Saturday, October 18, 2008

Unreasonable patient, or cranky doctor?

About a year ago, I posted a comment on a NY Times blog, in reference to a flurry of dispute about a doctor's column in Time magazine that had just appeared.

A couple of weeks ago, a friend of mine suffered an injury in a bike accident and has been struggling to get reasonable diagnosis and treatment since. When she told me about how she feels she's been learning more about her case from the Internet than some of the professionals she's been talking to seem to know, I remembered the exchange from last November.

Rereading my comment, I thought it might be good to bring it out of mothballs and put it out here in the fresh air. A set of links to the articles in question follow my comment. A few remarks also follow.

I made a couple of changes to my original comment, They appear in square brackets.

Dr. Haig reveals himself to be sexist, stereotyping, narrow-minded and dishonest. “Susan” was better off crossing him off her list, even if if he hadn’t lied about his ability to treat her. In fact, my greatest criticism of her would be that, despite all the research she’d done, she[ gave ]him a visit.

Here’s what Dr. Haig says he believes:

- Patients who ask too many questions are “brainsuckers.”

- (Some?) patients who ask no questions are “Bozos.”

- Nurses are good patients because they trust him and laugh at his jokes. (My guess: they’re skilled at sucking up to arrogant doctors like Haig.)

- Engineers are good patients because they don’t challenge the narrow paradigm of, for instance, a mechanistically minded orthopedist who is proud of “know[ing] what to ignore” — like the possible contribution of dietary mineral deficiency to joint pain. (That’s one of Haig’s examples of Stupid Questions Engineers Don’t Ask.)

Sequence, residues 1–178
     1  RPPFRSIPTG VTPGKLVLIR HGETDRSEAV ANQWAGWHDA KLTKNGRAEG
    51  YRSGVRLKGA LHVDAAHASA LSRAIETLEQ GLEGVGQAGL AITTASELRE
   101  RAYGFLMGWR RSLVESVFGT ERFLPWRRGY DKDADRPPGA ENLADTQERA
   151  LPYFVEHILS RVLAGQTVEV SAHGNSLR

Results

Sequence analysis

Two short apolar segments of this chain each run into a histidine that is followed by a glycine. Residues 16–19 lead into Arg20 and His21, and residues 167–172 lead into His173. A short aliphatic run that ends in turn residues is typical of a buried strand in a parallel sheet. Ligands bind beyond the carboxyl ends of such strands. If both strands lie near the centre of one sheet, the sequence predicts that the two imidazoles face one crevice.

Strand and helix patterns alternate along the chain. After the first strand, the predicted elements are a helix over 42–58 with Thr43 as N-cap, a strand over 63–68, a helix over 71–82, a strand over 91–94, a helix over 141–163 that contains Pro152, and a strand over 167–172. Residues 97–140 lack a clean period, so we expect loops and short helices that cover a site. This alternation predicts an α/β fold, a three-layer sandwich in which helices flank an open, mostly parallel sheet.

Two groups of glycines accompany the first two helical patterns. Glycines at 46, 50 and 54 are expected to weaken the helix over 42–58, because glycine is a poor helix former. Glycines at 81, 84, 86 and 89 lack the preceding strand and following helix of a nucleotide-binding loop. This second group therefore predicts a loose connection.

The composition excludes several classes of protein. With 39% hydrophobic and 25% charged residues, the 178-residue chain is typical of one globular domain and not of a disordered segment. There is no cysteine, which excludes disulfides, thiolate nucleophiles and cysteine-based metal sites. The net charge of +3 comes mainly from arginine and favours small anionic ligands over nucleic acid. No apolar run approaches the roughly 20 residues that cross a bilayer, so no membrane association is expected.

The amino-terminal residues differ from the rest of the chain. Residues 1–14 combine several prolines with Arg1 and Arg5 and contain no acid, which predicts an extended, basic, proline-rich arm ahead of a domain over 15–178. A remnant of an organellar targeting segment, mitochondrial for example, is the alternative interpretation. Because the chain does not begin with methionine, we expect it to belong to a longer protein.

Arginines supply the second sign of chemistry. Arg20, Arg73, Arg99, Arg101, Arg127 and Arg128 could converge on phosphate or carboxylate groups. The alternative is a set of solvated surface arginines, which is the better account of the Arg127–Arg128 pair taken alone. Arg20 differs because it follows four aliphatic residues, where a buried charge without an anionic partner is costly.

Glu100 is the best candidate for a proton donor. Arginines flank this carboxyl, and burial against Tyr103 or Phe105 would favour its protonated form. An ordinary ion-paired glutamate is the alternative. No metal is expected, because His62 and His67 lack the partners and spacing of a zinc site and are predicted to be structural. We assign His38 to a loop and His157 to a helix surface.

Maybe Haig described “Susan” and her manner fairly accurately. But maybe he was way, way off.

Here are some things I wonder.

- Why does he even mention the fact that Susan is, to his mind, “attractive”?

- Why assume “Susan” did all her research via, or the Internet, for that matter? For all we know, she went to the library and hit books.

- Why assume “Susan” knew his street address? She mentioned a highway exit that she assumed to be on his route home. For all we know, she only knows his home’s neighborhood, or town, or even simply its general direction from his Scarsdale office.

- Is it possible that “Susan” can’t afford childcare? For instance, her household income might be — like ours — too much for state-subsidized daycare, but not enough for nannies or preschool or even the occasional babysitter. She needs to see doctors. Where can the child go during her appointments? The lobby?

- Did he exaggerate the child’s misbehavior? For example, did he really investigate and confirm that “Junior”’s sippy cup contained chocolate milk? Is it possible that he just guessed something dark and stainy for rhetorical purposes? And that the cup contained, maybe, water?

- “…ripped up my magazines…” I wonder if the child was paging through some magazines (possibly already tattered and older than the child himself), and tore a page or two, through youthful clumsiness.

- I wonder if the child might have spilled a couple of crackers or Cheerios, and (with a three-year-old’s level of dexterity), accidentally stepped on one or two while trying to pick them up?